Apart from a few futuristic gadgets (not as flashy as in “Minority Report”) and the theme of human infertility, there is nothing here that we wouldn’t hear about every day – armed conflicts, terrorism, population migration – blood, death, hatred. These things have become so obvious, so normal to us that they no longer make an impression on most people. We are engulfed by cold and terrifying indifference. And that’s exactly what you feel from the screen – the raw, dark-toned shots create distance. Theo also plays a similar role – indifferent and resigned, he doesn’t stand out in any way in this sad world. But over time, under the influence of dramatic events, this changes, just like our attitude towards what happens on the screen. Shots become longer, the handheld camera follows the protagonist step by step, giving an extraordinary feeling as if we were participating in Theo and Kee’s journey. Emotions slowly creep into the story, which we didn’t expect at the very beginning.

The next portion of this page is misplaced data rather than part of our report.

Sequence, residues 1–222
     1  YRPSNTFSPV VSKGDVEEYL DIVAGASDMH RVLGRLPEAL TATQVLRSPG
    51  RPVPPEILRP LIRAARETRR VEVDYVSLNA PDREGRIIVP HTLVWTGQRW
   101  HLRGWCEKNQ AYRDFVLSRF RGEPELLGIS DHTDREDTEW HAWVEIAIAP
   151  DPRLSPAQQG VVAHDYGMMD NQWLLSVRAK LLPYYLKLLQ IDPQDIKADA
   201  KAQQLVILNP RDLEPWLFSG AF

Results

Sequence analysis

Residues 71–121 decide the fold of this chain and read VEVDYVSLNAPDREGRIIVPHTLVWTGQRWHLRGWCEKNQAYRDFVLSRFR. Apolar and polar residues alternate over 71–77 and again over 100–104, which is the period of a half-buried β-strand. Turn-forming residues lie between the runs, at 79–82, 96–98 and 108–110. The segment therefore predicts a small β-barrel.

Clive Owen’s character is excellent here – even though the fate of humanity rests on his shoulders, he cannot be called a “hero” in the full sense of the word – the title is too lofty and heavy. Theo is an average man who, against his will, suddenly finds himself in the midst of incredibly important events. When he has the opportunity to use a weapon, he rejects it without hesitation – he doesn’t try to be a forceful savior of the world. Moreover, Cuarón doesn’t make his path to the goal easy, putting overwhelming obstacles in front of him with their normalcy and lack of cinematic simplifications: crucial events unfold at the least suitable moments, and misfortunes befall the characters suddenly and in an exceptionally brutal way – just like in life. The director is also not afraid of controversial and exceptionally strong moves, which the viewer can practically see at the beginning of the journey when the characters travel through the forest. The realism of the situation and the characters’ behavior is extraordinary and exceptionally rare in films. The subtlety with which the director weaves purely symbolic elements into his film and a few clever references are also captivating.